The empty middle ground
Polarisation today takes forms vastly different from what it did earlier. In a session titled “The age of extremes: no space for the middle ground”, panellists discussed whether it is not only that no consensus appears possible in the public sphere to craft a centre that holds — but also that the kind of discourse that is playing out in the age of social media is so thick with name-calling that people take fright from nuancing their argument.
Arif Mohammed Khan, former Union Minister in the Rajiv Gandhi and VP Singh governments, made a case for proportion instead of dismissing the situation today as irretrievable. He urged everyone to go back to history to consider the terrible violence that was visited upon different parts of the world. The media, he suggested, must resist from projecting every adverse development as if it is the first time such a thing has happened. “The essential thing,” he argued, “is the rule of law. There is not a single problem that cannot be solved if we adhere to the application of the law and equality before the law.”
Losing the argument
Shekhar Gupta, Founder and Editor-in-chief of ThePrint, cautioned that the fear of being caught in the crossfire between two extremes could inhibit nuance and fact-based argumentation. Quoting journalist-writer Fareed Zakaria, he said it’s now seen that if you are arguing in nuances, you have already lost the argument.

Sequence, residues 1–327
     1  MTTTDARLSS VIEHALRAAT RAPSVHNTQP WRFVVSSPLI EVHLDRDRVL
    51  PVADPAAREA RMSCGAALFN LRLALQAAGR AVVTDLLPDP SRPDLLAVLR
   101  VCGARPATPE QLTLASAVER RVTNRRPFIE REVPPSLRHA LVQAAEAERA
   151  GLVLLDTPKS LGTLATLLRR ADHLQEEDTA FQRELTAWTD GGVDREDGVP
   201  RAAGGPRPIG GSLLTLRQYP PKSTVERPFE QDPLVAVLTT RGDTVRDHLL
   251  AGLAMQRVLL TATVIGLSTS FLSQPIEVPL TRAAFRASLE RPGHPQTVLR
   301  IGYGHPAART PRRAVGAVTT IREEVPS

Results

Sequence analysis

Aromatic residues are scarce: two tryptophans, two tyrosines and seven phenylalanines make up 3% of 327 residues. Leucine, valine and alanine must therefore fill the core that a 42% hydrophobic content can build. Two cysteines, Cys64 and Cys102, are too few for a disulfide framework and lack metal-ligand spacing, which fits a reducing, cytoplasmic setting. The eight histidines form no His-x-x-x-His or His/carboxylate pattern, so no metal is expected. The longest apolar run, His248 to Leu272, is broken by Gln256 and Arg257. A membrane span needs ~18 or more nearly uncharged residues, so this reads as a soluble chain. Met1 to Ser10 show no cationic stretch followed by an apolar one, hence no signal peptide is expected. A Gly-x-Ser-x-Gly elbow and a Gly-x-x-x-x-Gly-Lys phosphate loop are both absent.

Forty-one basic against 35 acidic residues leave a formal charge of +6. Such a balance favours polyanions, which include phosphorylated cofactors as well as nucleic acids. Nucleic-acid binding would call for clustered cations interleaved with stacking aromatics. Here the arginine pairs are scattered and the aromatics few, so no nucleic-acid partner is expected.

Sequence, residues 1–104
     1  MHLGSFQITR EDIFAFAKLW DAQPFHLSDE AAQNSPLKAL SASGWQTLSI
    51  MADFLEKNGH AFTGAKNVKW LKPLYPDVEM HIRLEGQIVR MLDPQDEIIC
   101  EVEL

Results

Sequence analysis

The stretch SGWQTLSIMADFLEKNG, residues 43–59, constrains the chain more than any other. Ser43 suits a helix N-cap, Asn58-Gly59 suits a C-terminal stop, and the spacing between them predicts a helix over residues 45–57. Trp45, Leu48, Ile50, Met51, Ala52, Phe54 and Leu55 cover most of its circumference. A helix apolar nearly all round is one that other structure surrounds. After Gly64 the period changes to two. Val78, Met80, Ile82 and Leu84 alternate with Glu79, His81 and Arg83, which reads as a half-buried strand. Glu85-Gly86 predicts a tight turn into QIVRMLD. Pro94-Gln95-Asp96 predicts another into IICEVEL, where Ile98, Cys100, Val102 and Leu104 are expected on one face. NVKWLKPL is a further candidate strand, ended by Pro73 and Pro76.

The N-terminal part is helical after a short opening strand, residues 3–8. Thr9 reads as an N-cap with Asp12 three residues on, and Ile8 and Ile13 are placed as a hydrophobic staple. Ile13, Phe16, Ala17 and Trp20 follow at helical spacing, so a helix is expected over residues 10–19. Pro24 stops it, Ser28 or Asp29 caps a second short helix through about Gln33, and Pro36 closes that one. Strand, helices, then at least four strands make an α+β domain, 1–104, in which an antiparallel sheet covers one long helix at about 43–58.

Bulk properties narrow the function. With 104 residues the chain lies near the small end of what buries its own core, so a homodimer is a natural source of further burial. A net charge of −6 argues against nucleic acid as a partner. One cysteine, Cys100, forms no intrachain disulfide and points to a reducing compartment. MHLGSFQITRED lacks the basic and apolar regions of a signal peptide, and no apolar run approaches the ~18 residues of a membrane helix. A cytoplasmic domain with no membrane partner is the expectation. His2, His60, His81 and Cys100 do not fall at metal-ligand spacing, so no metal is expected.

“Today,” he said, “if you are not in the trenches and want to check facts, you get caught in the crossfire.” He recommended that those keen to safeguard the middle ground and fact-based debate must develop a thick skin: “It’s a question of not choosing to enter any bunker.” But he added that we should not mistake neutrality for the middle ground.
Ashwini Kumar, lawyer, Congress politician, and a Minister in the Manmohan Singh government, however, contended that today public discourse has been severely “debased”.
Saying that “moderation will always be the middle ground”, he pointed out that “it is the job of the leader to give direction”. Polarisation, he suggested, is not sustainable: “Nature shuns extremes.”
The discussion was moderated by Suhasini Haidar, Diplomatic Editor at The Hindu.
Need for dialogue Political leaders Ashwani Kumar (left) and Arif Mohammed Khan (second left), and journalist Shekhar Gupta in conversation with Suhasini Haidar K MURALI KUMAR